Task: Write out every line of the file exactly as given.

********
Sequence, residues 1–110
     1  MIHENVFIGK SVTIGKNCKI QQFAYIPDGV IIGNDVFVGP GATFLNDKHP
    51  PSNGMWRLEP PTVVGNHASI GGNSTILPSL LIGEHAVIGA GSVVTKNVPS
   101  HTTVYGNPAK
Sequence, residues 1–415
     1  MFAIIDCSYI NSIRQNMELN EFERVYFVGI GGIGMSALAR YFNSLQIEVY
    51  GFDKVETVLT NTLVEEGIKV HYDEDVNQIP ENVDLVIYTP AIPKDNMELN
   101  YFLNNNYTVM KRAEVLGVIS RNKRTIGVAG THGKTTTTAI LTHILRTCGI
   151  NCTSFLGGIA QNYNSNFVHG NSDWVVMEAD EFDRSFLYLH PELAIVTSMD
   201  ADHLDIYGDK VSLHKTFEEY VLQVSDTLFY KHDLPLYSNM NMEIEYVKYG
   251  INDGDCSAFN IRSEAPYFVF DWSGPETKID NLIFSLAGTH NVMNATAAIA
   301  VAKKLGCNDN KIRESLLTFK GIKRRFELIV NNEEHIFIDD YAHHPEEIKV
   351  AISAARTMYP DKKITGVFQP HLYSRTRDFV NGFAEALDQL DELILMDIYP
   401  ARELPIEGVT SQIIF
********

Sequence, residues 1–110
     1  MIHENVFIGK SVTIGKNCKI QQFAYIPDGV IIGNDVFVGP GATFLNDKHP
    51  PSNGMWRLEP PTVVGNHASI GGNSTILPSL LIGEHAVIGA GSVVTKNVPS
   101  HTTVYGNPAK
Sequence, residues 1–415
     1  MFAIIDCSYI NSIRQNMELN EFERVYFVGI GGIGMSALAR YFNSLQIEVY
    51  GFDKVETVLT NTLVEEGIKV HYDEDVNQIP ENVDLVIYTP AIPKDNMELN
   101  YFLNNNYTVM KRAEVLGVIS RNKRTIGVAG THGKTTTTAI LTHILRTCGI
   151  NCTSFLGGIA QNYNSNFVHG NSDWVVMEAD EFDRSFLYLH PELAIVTSMD
   201  ADHLDIYGDK VSLHKTFEEY VLQVSDTLFY KHDLPLYSNM NMEIEYVKYG
   251  INDGDCSAFN IRSEAPYFVF DWSGPETKID NLIFSLAGTH NVMNATAAIA
   301  VAKKLGCNDN KIRESLLTFK GIKRRFELIV NNEEHIFIDD YAHHPEEIKV
   351  AISAARTMYP DKKITGVFQP HLYSRTRDFV NGFAEALDQL DELILMDIYP
   401  ARELPIEGVT SQIIF